Elton Gallegly, Chairman



James Leach, Chairman

SUBJECT:                Human Rights in Burma: Fifteen Years Post Military Coup

WITNESSES:              Panel I
The Honorable Lorne W. Craner, Assistant Secretary Bureau of Democracy, Human Rights and Labor, U.S. Department of State

Mr. Matthew Daley, Deputy Assistant Secretary, Bureau of East Asian and Pacific Affairs, U.S. Department of State

October 1, 2003
The Chin Human Rights Organization is an independent non-governmental human rights organization. We aim to protect and promote human rights among the Chin people, and to contribute to the movement for the restoration of democracy and human rights in Burma. Founded in 1995, CHRO has worked to document the human rights situations of the Chin people in Burma’s western region. CHRO’s reports have been cited by the US State Department, Amnesty International and the International Labor Organization.

CHRO wishes to express its gratitude for the opportunity to deliver this submission to this important hearing. The United States has always been at the forefront of support for democracy and human rights in Burma. We are grateful for the State Department’s annual reports on International Religious Freedom on Burma, which have been highlighting the suffering of persecuted religious minorities. In addition, CHRO considers the promulgation of Burmese Freedom and Democracy Act of 2003 a very important impetus for the achievement of democracy and human rights in Burma.

Despite recent cosmetic changes that have taken place in Rangoon, human rights conditions among Burma’s ethnic people, including the Chin people continue to remain a matter of grave concern. In fact, human rights conditions of the Chin people have become worse and the number of displaced persons and refugees has increased in recent years. Until the incident of May 30 in which the regime launched an orchestrated campaign of terror and violence against the NLD, the regime has enjoyed international praise for ‘progress’ it has made in initiating national reconciliation. However, this has not been accompanied by a parallel improvement in the areas of human rights. Under the reign of the State Peace and Development Council, the Chin people have continued to experience untold miseries and hardships as a result of the systematic abuse of their fundamental human rights.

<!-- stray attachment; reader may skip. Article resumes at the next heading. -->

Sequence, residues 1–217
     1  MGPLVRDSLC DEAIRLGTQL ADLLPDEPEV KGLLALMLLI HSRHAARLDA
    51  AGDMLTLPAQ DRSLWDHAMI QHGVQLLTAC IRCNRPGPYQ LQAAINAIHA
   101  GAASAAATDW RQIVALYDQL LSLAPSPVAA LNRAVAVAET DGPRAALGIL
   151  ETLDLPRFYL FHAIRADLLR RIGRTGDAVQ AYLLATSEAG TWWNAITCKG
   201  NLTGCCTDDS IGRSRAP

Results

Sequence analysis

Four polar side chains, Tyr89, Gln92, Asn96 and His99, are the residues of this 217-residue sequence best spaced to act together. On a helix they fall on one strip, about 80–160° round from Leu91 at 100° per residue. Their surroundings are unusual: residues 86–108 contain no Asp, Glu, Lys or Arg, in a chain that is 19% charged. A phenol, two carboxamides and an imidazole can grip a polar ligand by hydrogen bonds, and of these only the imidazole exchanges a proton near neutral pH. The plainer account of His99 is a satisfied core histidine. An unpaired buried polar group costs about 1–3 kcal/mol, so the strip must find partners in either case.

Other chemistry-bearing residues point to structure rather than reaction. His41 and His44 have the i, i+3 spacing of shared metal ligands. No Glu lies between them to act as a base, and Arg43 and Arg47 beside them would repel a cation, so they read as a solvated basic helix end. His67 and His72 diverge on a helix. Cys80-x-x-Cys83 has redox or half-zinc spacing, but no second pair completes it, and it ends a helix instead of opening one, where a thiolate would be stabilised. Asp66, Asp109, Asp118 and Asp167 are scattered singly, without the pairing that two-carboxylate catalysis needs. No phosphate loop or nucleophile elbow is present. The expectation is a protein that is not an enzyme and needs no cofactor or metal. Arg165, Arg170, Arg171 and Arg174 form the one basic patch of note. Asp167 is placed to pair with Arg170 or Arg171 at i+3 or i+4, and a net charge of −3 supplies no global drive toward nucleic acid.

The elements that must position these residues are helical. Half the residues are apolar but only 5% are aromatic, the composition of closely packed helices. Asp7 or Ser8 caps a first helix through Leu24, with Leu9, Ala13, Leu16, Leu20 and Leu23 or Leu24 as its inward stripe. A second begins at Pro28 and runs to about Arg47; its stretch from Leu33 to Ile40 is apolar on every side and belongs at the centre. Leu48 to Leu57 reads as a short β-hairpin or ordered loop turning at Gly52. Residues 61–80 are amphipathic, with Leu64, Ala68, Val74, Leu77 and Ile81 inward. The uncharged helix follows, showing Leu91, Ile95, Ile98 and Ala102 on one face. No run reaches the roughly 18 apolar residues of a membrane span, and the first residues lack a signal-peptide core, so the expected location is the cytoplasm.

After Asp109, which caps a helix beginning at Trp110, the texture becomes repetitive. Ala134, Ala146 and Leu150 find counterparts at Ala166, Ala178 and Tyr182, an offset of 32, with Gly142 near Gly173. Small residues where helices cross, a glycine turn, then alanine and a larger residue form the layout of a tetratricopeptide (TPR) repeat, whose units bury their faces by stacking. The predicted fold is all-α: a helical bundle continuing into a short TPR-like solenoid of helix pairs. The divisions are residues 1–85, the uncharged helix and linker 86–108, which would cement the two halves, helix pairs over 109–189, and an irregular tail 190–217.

There is a direct link between the growing abuse against the Chin people and the increase in militarization of the Chin areas. In the last fifteen years since the regime took over power, the number of army battalions stationed in Chin State has increased up to 10 times. This increase has been accompanied by the rapid acceleration in the level of human rights abuses across Chin State. The kind of human rights violations suffered by the Chins today are the same as those that have been extensively reported among ethnic Karen, Shan, and Karenni on the eastern border. These violations manifest in the forms of arbitrary arrest and detention, forced labor, torture, rape and extrajudicial executions. Moreover, the overwhelming percentage of Christians among the Chin people has also brought abuses in the form of religious persecution. Today, religious persecution is a matter of primary concern among the Chin people. Since 1999, the US State Department has singled out Burma as a country that systematically violates religious freedom.[1] The annual reports have cited a significant amount of cases of religious persecution involving the Chin people.

Religious Persecution

Religious persecution poses a matter of grave concern among the Chin people. Chin Human Rights Organization, since 1995, has documented a range of human rights abuses by the military regime against the Chin people, including violations of religious freedom.

Christian religion has deep root in the Chin society. Since the first Chin conversion in the late 1900 following the arrival of American Baptist missionaries to the Chin Hills, Christianity gradually became accepted by a large majority of the Chin populations, who had practiced traditional animism for centuries. After a century since then, Christianity now is second culture for many Chin people.[2] Chin people today claim that more than 90 percent of Chins are Christians. Because of the overwhelming importance of Christianity among the Chins, the junta, which strongly identifies itself with Buddhism and has been preoccupied with building national unity has been trying to promote Buddhism over Christianity in Chin State with the belief that once the Chins are converted to Buddhism they can be easily subjugated. For this reason, the regime has resorted to persecuting the Chins, a drastic action that involves arbitrarily removing Christian crosses erected by churches on hilltops throughout Chin State and openly directing and supporting coerced conversions of Christians into Buddhism. The regime has also destroyed several Church buildings. For example on February 20, 2000, Captain Khin Maung Myint ordered the destruction of a Chin Christian Church at Min Tha village in Tamu Township of Magwe Division, an area mostly populated by the Chins and is adjacent to the Chin State. In the same township on July 13, 2001, the same army officer forced villagers to destroy a United Pentecostal Church in Ton Kyaw village. Captain Khin Maung Myint gave similar order to destroy an Assembly of God Church building in Chauk Nat Kyi village in Tamu Township.[3]